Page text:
Architectural optimizations vs the profiler
For the past couple of years, we had a stealth project going on inside of RavenDB. That project is meant to re-architect the internals of how RavenDB handles queries. The goal is to have a major performance improvement for RavenDB indexing and queries.
We spent a lot of time thinking about architecting this. Design discussions for this feature goes back to 2015, to give you some context. The codename for this project is: Corax.
Recently we finished wiring the new engine into RavenDB and for the first time in a long while, we could actually do a comparative benchmark between the two implementations. For this post, I’m going to focus solely on indexing performance, by the way.
Here is a couple of (very simple) indexes working on indexing a 497 million documents.
You can see that the numbers are pretty good, but we just started. Here is what the numbers look like after about 7 million documents being indexed:
You can see that Corax already opened up quite a gap between the two engines.
As a reminder, we have been optimizing our indexing process with Lucene for literally over a decade. We have done a lot to make things fast. Corax is still beating Lucene quite handily.
However, let’s take a look here, so far we indexed ~16 million documents and we can see that we are slowing down a bit:
That actually makes sense, we are doing quite a lot of work around here. It is hard to maintain the same speed when you aren’t working on a blank slate.
However, Corax was architected for speed, so while we weren’t surprised by the overall performance, we wanted more. We started analyzing what is going on. Quite quickly we figured out a truly stupendous issue in Corax.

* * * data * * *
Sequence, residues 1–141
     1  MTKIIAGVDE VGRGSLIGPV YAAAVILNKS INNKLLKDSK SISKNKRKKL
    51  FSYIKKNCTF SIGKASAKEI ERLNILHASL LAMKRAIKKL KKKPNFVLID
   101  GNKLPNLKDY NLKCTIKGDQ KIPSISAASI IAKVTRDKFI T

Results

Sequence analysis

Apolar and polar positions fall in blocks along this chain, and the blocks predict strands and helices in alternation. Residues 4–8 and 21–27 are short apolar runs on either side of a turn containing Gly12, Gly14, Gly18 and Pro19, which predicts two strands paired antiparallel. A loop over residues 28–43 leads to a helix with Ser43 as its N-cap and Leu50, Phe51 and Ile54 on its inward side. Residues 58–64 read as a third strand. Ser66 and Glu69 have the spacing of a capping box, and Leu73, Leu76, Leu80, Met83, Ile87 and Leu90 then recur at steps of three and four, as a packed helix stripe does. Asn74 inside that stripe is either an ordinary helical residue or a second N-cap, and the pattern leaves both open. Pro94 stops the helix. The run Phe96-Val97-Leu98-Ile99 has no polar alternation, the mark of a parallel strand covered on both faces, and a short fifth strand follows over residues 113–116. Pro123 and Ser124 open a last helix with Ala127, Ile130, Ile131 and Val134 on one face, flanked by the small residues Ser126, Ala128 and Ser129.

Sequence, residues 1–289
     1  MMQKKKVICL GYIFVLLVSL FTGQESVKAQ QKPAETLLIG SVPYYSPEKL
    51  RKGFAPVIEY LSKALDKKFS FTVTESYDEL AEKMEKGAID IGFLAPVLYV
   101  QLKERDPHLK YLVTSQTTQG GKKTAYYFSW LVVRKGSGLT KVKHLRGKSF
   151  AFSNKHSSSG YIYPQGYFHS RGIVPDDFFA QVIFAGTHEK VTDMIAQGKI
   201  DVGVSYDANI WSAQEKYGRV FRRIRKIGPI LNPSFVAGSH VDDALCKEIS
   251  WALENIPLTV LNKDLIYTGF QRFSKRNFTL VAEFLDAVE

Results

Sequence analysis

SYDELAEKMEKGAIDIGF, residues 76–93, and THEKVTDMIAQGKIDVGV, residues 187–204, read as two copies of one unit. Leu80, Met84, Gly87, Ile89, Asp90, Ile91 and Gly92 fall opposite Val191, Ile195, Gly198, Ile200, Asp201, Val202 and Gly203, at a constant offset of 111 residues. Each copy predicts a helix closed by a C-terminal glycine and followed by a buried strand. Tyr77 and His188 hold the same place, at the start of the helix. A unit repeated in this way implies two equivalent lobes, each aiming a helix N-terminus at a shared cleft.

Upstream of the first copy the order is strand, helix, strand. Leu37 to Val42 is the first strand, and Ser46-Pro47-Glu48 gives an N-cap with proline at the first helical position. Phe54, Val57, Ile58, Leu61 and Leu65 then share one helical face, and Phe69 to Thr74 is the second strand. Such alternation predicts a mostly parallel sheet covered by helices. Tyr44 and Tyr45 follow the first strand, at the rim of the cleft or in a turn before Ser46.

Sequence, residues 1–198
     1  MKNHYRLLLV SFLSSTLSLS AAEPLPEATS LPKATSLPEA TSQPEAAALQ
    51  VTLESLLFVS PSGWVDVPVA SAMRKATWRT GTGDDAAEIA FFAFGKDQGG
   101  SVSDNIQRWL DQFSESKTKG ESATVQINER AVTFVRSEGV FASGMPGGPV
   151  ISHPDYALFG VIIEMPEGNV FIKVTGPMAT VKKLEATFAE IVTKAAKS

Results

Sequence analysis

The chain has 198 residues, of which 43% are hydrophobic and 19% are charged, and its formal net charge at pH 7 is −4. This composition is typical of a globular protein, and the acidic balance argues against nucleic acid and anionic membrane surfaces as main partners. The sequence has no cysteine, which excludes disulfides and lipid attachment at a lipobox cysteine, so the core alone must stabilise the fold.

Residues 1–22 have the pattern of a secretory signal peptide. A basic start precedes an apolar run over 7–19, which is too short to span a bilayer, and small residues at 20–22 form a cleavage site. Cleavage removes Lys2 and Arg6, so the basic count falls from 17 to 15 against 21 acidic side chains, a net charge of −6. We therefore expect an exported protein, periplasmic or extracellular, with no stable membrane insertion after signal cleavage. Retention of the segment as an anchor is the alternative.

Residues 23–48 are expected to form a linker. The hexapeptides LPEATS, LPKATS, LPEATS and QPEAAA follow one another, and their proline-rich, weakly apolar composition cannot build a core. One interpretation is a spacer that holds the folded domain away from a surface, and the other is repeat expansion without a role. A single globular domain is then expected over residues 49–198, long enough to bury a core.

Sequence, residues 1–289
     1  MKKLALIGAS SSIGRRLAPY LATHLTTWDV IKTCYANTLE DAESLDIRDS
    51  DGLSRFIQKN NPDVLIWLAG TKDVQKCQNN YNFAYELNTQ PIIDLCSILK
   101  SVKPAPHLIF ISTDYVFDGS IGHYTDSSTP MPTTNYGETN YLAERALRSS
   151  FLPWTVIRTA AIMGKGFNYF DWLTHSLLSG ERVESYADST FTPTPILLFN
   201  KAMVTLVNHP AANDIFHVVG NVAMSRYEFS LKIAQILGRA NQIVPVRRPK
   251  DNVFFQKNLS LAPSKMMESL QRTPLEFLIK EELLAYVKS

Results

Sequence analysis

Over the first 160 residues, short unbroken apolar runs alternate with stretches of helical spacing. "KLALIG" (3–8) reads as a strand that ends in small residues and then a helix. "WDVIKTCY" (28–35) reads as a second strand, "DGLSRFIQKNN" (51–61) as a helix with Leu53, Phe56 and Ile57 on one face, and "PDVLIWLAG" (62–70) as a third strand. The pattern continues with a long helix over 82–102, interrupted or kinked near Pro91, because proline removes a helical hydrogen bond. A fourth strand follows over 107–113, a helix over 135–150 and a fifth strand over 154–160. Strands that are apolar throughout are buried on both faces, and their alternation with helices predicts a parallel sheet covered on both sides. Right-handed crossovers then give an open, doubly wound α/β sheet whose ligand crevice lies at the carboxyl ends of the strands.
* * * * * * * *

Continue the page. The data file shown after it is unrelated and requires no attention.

One of the biggest problems when competing with Lucene is that it is a great library. It has certain design tradeoffs that I don’t like, but the key issue is that you can’t just build your own solution. You need to match or exceed whatever Lucene is doing.
One of the design decisions that has a major impact on how Lucene operates is that it is using an LSM model (log structured merge). This means that it writes data to immutable files (segments) and merge them occasionally. That means that handling deletes in Lucene is naturally handled during those merges. It means that Lucene can get away with tracking a lot less data about the entries that it indexed. That reduces the overall disk space it requires.
Corax takes a different approach, we don’t do compaction, because that lead to occasional spikes in computes and I/O needs. Instead, Corax uses a steady progress model. That means that it needs to track more data than Lucene.
Our first Corax indexes took about 5 – 10 times more disk space than Lucene. That isn’t a percentage, that is five to ten times bigger. One of the ways we handle this is to use an adaptive compression algorithm. We look at the entries that are being indexed and compress them. We don’t do that blindly, we generate a dictionary to match the actual entries at hand and are able to achieve some spectacular compression rate. Corax still uses more disk space than Lucene, but now the difference is in percentages, rather than in multiples.